Robben Island has been used to isolate certain people since the end of the 17th century.
It is an island in Table Bay, 12 km off the coast from Cape Town. The name is Dutch for "island of seals". Robben Island is roughly oval and about a kilometer wide. It is flat and only a few metres above sealevel.
From 1836 to 1931 the island was used as a leper colony and in the 20th century it became infamous as a gaol for political prisoners under apartheid. Notable amongst these were Nelson Mandela, Walter Sisulu, Tokyo Sexwale, Govan Mbeki, Dennis Brutus and Robert Sobukwe.
During the time that the island was a prison, security was very tight and it was off limits to almost all civilians, including fishermen.
Michael Turtle - December 2015
What a disappointing experience. I was really looking forward to visiting Robben Island because of the important part in history it plays - not just in South Africa but across the world. I had heard the tours were taken by former political prisoners and so was expecting to hear a lot of interesting information.
Unfortunately the problem lies not with the tour guide or the state of the island but with the tour organisers themselves. This is the only way you can visit the island - with the one tour company - and they do not provide a rewarding experience.
The first half of the tour is on a bus and you have to peer out the window as they point out different buildings. The information is quite good but you could have read that in a book. I would have preferred to have been walking around and seeing it for myself and getting a sense of the place.
The second half of the tour is inside the jail but you are still in a large group. You get ushered through from room to room and it can sometimes be hard to hear the guide, or he'll start before the last people have come in. Again, all I really wanted was to walk around myself and see the place.
This kind of tour might suit some people but it's a pity there isn't an option to do it another way. I think all the emotion and meaning of the island is lost.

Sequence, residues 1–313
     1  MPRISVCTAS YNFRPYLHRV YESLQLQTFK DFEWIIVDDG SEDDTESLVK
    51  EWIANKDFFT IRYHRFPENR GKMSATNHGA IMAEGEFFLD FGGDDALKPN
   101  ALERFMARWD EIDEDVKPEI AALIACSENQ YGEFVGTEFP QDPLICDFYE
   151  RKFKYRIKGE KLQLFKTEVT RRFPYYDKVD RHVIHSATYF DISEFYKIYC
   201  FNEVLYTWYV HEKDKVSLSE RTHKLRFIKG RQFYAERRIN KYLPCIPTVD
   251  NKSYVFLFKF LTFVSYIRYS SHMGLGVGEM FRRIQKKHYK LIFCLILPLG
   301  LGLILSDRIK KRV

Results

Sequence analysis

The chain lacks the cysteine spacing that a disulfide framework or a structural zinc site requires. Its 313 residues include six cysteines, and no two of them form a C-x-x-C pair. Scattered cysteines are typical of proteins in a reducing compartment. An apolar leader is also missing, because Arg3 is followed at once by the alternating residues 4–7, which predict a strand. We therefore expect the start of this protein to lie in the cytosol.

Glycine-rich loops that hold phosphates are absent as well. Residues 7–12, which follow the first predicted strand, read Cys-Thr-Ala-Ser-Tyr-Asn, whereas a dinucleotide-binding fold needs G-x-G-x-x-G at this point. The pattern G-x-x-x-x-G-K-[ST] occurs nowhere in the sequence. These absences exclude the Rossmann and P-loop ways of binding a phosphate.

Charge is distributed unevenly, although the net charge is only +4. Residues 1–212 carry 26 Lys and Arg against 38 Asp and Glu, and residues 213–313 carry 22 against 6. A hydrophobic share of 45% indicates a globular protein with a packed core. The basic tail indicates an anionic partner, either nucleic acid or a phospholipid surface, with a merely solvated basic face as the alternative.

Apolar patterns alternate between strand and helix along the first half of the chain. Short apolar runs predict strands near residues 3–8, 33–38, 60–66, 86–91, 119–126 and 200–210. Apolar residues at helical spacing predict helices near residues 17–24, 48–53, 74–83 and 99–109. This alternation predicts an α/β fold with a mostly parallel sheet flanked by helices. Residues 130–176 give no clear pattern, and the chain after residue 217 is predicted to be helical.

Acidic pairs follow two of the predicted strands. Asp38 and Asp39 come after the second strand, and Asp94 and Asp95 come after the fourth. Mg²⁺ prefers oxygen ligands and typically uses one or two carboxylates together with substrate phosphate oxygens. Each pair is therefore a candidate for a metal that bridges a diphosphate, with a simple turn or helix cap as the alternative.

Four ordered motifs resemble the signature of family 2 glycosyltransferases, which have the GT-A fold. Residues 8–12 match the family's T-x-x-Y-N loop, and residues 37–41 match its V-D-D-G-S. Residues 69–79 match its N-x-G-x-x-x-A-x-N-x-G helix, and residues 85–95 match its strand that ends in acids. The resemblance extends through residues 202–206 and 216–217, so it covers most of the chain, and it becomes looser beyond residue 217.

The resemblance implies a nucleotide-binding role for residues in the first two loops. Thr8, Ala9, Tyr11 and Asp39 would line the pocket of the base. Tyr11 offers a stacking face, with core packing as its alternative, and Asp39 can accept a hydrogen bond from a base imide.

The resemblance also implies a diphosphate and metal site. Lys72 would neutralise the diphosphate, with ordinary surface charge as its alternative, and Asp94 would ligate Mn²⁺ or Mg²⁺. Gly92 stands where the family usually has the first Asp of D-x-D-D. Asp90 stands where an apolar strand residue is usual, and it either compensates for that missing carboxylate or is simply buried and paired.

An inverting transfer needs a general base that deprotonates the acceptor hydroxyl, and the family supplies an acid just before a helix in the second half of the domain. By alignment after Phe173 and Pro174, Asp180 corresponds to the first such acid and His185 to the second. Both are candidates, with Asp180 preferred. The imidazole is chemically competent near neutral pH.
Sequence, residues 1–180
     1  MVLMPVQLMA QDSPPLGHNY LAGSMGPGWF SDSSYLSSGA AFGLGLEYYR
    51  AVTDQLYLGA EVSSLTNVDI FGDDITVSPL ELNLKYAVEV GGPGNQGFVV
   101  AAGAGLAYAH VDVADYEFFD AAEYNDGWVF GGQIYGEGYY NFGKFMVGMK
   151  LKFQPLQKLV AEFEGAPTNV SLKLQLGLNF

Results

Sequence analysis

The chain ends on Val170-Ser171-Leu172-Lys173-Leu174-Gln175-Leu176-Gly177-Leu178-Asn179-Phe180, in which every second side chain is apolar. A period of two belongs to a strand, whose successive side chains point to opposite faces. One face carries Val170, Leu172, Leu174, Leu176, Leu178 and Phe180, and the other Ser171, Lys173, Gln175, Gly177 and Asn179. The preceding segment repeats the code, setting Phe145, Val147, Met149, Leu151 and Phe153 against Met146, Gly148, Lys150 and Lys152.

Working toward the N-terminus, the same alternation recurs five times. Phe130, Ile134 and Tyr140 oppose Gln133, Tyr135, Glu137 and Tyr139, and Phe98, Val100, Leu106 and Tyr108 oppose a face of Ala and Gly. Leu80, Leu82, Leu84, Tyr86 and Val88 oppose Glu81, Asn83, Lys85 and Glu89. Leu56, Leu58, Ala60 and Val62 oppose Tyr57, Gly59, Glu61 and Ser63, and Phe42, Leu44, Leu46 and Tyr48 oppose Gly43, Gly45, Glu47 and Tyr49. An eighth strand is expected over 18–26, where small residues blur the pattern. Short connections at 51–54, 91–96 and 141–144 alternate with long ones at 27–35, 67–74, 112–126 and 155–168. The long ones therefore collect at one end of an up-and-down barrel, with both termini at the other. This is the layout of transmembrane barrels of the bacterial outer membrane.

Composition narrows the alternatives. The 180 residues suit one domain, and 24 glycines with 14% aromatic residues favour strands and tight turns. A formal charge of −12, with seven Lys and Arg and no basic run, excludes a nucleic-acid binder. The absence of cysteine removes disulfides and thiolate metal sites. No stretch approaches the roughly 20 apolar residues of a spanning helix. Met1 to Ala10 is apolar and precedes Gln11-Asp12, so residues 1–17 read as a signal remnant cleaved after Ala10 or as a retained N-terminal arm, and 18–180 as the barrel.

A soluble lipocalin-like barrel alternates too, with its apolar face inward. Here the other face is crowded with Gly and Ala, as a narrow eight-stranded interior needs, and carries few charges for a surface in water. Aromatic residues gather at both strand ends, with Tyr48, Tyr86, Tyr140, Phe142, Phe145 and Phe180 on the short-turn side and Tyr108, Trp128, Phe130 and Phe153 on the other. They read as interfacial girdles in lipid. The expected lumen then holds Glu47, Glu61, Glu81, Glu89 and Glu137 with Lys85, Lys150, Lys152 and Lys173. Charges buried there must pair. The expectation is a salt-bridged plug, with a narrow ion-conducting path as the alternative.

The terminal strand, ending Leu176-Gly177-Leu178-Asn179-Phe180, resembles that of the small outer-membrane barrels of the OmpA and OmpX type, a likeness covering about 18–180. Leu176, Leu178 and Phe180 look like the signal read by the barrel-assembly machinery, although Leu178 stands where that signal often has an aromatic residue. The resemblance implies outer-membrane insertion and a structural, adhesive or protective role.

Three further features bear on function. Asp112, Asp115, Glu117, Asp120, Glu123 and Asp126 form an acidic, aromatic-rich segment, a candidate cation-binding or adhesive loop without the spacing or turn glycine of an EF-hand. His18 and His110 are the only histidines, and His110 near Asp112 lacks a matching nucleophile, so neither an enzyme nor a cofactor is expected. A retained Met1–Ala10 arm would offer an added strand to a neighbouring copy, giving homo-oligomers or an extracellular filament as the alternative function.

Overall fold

Read more from Michael Turtle here.
Philipp Peterer - October 2015
As an addition to the former reviews I can add, that the visit was not fully satisfying to me. During the whole visit you basically have no time to explore on your own. The mandatory bus tour to see the island starts right after you get off the boat. We could leave the bus 2 times: once at the quarry and once for 15mins on the southern point of the island at a snack bar. I literally ran back to the village we briefly crossed before by bus in order to make a few pictures, before the bus was departing again. When inside the bus, we spend most of the time standing in front of a building, while the guide explained this and that. The prison visit was not better. We spent around 40 of the 45min visit in the same room, where the ex-prisoner talked about live in the prison. We briefly translated to the yard, where he talked for a few more minutes and told us that we will pass the former cell of Nelson Mandela on our way out. When the tour ended we already had to hurry back to the boat, as you don’t get to choose at what time you can go back. It’s a group travel experience that does not fit my usual travel style.
Chris Nielsen - April 2009
I first visited Robben Island in 1994 and was impressed. However, re-visiting it last year (2008) I was bitterly disappointed with the amount of neglect and dereliction that had been allowed to occur there. Certainly the prison has been well-looked after and restored, but the rest of the island verges on the appalling. The guide we had on our tour did nothing but rattle on in her own dreadful version of Afro-glish about Robert Sobukhwe (about whom most of the foreigners on the bus knew nothing) and scarcely made mention of Mandela. We were taken to a rubbish dump from which there was a good view of Cape Town and told that we could take pictures. However, the fortifications and the penguins were utterly lacking from the itinerary and were never mentioned. It struck me that it was an awful pity that such an interesting place had been allowed to reach such a state of dereliction and scabbiness.